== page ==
Introduction: Steampunk Raygun Wedding Gown/ Prom Gown/ Evening Gown
Need a way cool dress for your wedding, prom, con, or evening date that also explores a feminist issue? Well, who the heck doesn't? In this instructable I will show you how to get that look for next to nothing. And it is not your imagination that those rayguns look a little like a pelvic bone, they do.
Women's clothes tend to reveal, and give a kind of sexual frisson to the viewer, and in this dress the "reveal" goes right to the bones. It's also Buddhist in a cool way, as in we are all going to die (someday), and gives you something to talk about at that boring prom.
It's also a really cool way of flipping off the establishment in a nice, feminine way. Smiley face.
This is my third instructable in my series, "The Way Women reMake Masculine Images in the Maker Movement," in which I am exploring the ways in which females take a feminine object (like a dress) and make it into something else with a masculine image (raygun) or a masculine object and make it into something else with a feminine image or object.
Specifically, I am exploring the feminizing of the masculine technology within the Steampunk and Science Fiction genres of the Maker movement.
Step 1: Materials
Dress: Pick something polyester that can be washed. Please buy something inexpensive from a thrift store. I forbid you to spend over 5 dollars on the dress. Free would be better. I spent $3.75 on mine at the Goodwill, so I'm good.
Stencil: Pick a cool raygun picture from the public domain. Or steal one. That's on you.
Spray Paint: Gold, silver, black, copper...colors that will mimic the color of metal.
Adhesive: Spray. Point. Spray. Caution: this stuff, once on the floor of your home, will get on the bottom of your socks, which will then be sticky. If you own a cat, or are a bad house keeper, you will need new socks.
Fabric Paint Markers: 2 bucks each.
Step 2: Print Stencil and Cut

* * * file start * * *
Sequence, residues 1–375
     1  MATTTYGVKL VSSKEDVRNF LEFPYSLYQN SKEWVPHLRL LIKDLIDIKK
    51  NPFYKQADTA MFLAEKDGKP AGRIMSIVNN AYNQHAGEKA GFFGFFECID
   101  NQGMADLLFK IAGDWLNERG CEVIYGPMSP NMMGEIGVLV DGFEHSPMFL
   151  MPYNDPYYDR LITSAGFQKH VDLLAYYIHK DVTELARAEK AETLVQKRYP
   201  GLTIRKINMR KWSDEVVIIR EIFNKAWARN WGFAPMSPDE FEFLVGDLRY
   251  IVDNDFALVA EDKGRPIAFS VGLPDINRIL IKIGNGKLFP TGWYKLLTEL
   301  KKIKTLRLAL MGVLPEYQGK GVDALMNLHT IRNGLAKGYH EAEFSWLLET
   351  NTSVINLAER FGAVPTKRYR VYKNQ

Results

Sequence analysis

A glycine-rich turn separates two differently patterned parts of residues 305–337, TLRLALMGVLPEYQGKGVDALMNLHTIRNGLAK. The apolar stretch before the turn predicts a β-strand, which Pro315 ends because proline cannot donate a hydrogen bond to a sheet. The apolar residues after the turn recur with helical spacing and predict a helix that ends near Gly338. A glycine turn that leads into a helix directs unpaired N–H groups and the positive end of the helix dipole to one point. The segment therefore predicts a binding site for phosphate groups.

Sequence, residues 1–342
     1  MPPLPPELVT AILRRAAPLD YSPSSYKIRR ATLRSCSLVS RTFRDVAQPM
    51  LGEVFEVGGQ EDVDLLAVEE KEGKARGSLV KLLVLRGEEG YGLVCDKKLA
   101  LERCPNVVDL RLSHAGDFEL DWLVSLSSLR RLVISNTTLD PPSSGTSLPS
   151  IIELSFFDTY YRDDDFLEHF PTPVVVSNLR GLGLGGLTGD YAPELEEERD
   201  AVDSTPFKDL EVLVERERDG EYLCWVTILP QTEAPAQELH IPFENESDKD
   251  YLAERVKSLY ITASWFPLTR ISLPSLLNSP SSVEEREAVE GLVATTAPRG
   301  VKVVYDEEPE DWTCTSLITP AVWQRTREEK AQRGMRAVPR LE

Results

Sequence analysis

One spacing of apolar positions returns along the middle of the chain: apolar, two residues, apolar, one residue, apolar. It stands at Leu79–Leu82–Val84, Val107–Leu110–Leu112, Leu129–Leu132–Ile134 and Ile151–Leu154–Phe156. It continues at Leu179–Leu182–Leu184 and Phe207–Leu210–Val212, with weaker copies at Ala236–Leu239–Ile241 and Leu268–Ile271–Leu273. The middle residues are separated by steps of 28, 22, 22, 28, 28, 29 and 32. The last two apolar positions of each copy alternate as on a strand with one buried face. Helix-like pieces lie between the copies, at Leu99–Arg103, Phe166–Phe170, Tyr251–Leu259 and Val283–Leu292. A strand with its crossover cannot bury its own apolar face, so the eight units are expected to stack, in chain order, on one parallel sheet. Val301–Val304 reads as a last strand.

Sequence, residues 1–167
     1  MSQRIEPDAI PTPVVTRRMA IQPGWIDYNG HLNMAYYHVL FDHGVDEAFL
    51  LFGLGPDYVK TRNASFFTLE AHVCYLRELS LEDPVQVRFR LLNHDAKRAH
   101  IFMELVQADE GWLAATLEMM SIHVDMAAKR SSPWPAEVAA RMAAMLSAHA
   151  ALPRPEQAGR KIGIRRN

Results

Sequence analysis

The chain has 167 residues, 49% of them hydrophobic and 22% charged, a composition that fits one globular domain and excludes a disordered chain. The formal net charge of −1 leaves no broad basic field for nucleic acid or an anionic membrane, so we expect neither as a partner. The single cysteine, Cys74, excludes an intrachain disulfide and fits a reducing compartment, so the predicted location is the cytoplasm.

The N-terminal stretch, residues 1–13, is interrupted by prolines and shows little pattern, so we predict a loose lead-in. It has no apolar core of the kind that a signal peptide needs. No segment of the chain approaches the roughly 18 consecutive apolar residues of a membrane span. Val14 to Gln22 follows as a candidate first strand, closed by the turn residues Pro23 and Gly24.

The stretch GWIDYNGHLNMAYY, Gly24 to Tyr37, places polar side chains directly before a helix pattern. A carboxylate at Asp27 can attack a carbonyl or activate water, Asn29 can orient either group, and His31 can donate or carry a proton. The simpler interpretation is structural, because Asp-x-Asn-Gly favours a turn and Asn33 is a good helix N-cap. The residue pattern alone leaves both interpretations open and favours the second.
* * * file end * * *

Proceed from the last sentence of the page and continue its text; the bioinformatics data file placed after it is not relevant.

Choose a raygun image from the public domain.
We aren't doing a detailed stencil image here, or a multiple layer stencil.
Find a stencil that is a solid color, with no detail to cut, like the one I provided.
Step 3: Stencil Placement
After you have cut your stencils, spray the back of the paper with some adhesive.
One stencil on each hip, as if you are wearing them old west style on a holster.
Step 4: Spray the Stencil
Cover the rest of the dress with paper to protect it from too much over-spray.
Warning: you are going to have some over-spray when you take the stencil off. That's okay. We are going to correct that. And this is a steampunk dress, remember, it's been through time shifts, it's supposed to look gritty, not pristine.
Spray paint: I used silver, gold, copper, black, and aluminum. Give it a dusting of each, not a solid spray.
Step 5: Painting Around the Guns
After the paint is dry, remove the paper.
You will notice that there is some over-spray, spray paint that go under the paper.
Take the rest of the dress in wrinkle it, as shown in the picture.
Once wrinkled, lightly dust the dress with two or three of the paint colors.
Step 6: Adding Details
Using some fabric marker pens, add details to your guns so that they stand out.
You can get these at any box store. They are about 2 bucks each.
I keep a stash of gold, silver, black, and red.
Participated in the